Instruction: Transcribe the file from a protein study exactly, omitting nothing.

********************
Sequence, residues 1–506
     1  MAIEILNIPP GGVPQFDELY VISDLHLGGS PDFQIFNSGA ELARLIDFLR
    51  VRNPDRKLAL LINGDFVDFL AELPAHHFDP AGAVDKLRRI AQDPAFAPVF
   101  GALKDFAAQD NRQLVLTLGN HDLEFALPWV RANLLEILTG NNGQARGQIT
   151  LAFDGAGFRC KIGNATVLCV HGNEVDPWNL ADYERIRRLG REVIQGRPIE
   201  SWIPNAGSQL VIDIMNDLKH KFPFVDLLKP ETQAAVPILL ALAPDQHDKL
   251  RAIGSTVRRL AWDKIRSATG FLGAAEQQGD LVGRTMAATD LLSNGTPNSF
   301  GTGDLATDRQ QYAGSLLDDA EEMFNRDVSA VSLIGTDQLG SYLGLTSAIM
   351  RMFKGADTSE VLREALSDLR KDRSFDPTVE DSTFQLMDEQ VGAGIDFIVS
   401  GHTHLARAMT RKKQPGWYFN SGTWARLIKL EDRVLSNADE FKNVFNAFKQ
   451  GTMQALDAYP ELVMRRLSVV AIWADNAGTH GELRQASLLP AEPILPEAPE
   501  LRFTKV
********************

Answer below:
Sequence, residues 1–506
     1  MAIEILNIPP GGVPQFDELY VISDLHLGGS PDFQIFNSGA ELARLIDFLR
    51  VRNPDRKLAL LINGDFVDFL AELPAHHFDP AGAVDKLRRI AQDPAFAPVF
   101  GALKDFAAQD NRQLVLTLGN HDLEFALPWV RANLLEILTG NNGQARGQIT
   151  LAFDGAGFRC KIGNATVLCV HGNEVDPWNL ADYERIRRLG REVIQGRPIE
   201  SWIPNAGSQL VIDIMNDLKH KFPFVDLLKP ETQAAVPILL ALAPDQHDKL
   251  RAIGSTVRRL AWDKIRSATG FLGAAEQQGD LVGRTMAATD LLSNGTPNSF
   301  GTGDLATDRQ QYAGSLLDDA EEMFNRDVSA VSLIGTDQLG SYLGLTSAIM
   351  RMFKGADTSE VLREALSDLR KDRSFDPTVE DSTFQLMDEQ VGAGIDFIVS
   401  GHTHLARAMT RKKQPGWYFN SGTWARLIKL EDRVLSNADE FKNVFNAFKQ
   451  GTMQALDAYP ELVMRRLSVV AIWADNAGTH GELRQASLLP AEPILPEAPE
   501  LRFTKV